08 Apr Paper Napkin Planning
You’re running out of time. You must do some planning for the year, but the committees – and the stars – are just not cooperating. What’s a hard-working executive to do?
It’s time for a paper napkin strategy session.
When “real” planning is not in the cards you don’t have to throw the baby out with the bathwater. Instead, invite a board member over for a cup of coffee and do some short-term goal setting on a paper napkin as a “first step” towards tackling that bigger issue that you are having trouble getting your head around.
Here are the rules:
- The plan must fit on one page (you do not have to use an actual napkin.)
- Each goal must be matched with tasks for which a staff member or volunteer can take responsibility.
- Each goal must be bite-sized. One person can manage the whole process – start to finish.
Examples of paper napkin planning might include:
- Dividing your email list into three targeted personality types or interests for more personal communications;
- Building a list of potential new sources of revenue for your organization;
- Itemizing upcoming Board work that could be done by three sub-committees.
Theory in Action
I recently met with Carol – the Executive Director of a Board I sit on – to talk about the sustainability of the organization. It’s a big topic with lots of moving parts. Carol had identified three areas: board, financial, and staff that needed to be addressed. She had come prepared with a comprehensive plan.
As we talked about the importance of financial sustainability for the organization, and how we might further engage the local business community, I glanced over at the pile of local newspapers. We had talked about creating a list of silver level sponsors for our one big community event, but we had never created the list of prospects.
I opened the newspaper and wrote down the name of every business that was currently advertising in the Mainstreeter. Then we culled the list a bit, removed all the businesses that Carol was already soliciting or renewing sponsorships with. That left a list of almost 10 businesses! We rearranged the list to order in which we wanted to solicit, and I agreed to work from this list on my own for the next three weeks.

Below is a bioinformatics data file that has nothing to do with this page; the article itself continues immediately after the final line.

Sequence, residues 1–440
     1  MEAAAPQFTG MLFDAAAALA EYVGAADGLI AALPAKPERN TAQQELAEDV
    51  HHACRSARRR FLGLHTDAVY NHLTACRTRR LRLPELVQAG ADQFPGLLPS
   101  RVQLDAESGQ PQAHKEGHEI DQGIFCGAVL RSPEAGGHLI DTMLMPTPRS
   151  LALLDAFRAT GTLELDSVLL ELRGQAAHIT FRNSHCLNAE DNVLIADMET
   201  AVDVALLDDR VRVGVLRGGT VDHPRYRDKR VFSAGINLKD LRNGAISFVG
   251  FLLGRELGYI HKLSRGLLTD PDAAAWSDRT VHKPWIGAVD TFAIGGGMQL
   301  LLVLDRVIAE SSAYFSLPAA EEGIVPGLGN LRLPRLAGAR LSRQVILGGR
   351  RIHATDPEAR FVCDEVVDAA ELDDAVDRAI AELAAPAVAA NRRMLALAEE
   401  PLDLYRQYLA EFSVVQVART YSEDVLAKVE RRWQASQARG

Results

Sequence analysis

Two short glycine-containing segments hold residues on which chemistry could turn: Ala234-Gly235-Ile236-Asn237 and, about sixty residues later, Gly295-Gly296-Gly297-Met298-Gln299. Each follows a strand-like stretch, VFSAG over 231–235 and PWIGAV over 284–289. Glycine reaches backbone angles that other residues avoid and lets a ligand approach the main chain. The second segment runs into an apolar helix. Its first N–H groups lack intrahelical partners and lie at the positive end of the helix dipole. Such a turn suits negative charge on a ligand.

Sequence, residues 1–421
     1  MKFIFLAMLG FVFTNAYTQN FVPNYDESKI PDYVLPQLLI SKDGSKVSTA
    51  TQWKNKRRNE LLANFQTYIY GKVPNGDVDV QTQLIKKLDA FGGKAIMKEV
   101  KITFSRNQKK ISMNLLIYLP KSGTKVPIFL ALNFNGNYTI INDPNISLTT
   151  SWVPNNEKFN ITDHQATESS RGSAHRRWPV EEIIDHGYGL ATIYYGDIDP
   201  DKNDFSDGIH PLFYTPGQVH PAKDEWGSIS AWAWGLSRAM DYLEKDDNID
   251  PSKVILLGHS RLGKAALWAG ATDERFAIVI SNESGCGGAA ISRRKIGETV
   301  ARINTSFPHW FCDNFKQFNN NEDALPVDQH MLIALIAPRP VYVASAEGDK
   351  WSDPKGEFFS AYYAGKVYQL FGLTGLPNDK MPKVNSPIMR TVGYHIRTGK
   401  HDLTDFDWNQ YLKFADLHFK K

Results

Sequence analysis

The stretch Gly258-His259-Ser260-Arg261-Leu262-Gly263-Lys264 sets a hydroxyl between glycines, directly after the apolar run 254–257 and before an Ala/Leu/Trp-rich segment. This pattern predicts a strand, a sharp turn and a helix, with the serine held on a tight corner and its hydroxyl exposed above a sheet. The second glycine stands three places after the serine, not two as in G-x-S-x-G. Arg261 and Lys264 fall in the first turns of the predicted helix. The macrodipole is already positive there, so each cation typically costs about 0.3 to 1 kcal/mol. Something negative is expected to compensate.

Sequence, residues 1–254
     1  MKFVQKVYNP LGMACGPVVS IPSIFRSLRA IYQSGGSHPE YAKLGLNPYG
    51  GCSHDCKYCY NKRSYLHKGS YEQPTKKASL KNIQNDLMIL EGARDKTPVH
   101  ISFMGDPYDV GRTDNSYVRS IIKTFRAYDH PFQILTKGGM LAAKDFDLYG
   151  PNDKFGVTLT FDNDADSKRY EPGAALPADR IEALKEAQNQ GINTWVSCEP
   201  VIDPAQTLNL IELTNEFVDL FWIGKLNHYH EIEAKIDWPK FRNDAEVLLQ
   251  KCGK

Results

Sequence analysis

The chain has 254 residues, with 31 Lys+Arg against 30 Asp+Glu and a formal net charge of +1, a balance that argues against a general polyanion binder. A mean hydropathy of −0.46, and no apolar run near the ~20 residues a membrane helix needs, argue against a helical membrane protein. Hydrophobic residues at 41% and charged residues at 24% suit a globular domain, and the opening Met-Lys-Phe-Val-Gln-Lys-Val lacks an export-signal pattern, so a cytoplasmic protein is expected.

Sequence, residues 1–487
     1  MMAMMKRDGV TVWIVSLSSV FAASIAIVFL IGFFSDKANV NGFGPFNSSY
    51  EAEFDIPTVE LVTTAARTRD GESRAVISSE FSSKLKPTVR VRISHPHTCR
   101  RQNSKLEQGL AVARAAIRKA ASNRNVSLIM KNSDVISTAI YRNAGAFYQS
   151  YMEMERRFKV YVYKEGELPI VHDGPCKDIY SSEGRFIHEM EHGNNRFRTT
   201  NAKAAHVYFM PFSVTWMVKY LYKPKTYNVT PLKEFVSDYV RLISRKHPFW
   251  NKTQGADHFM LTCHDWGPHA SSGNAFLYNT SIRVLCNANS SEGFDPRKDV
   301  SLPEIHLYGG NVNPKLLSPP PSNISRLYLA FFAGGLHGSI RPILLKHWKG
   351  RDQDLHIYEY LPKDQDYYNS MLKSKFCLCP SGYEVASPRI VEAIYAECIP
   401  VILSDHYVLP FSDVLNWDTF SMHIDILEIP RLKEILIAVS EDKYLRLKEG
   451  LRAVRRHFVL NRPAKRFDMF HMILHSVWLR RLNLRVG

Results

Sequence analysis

Did we solve the larger issue of financial sustainability for CAG? No. Did we make a concrete step towards that goal? Definitely.
The benefit of paper napkin planning is it results in small, specific changes that are easy to do.They can also remind you of what you want to do differently. I posted my list of potential sponsors on the wall in front of my computer to keep them top of mind during the day.
Take a minute to identify a big issue that has been on your mind for a long time. Are there any pieces of that puzzle that you could break down into a paper napkin task? Who would you take on your coffee date to obtain “buy in” to accomplish this goal?
Sometimes the hardest part of making a change is getting started. I hope these paper napkin strategies will help you get moving on the big changes that you want to make – one napkin at a time.
P.S. I am happy to report that our paper napkin planning has resulted in three confirmed new Silver Sponsors for CAG. We are also in conversation with three more. Success!
Photo Credit: Flikr User Janellie23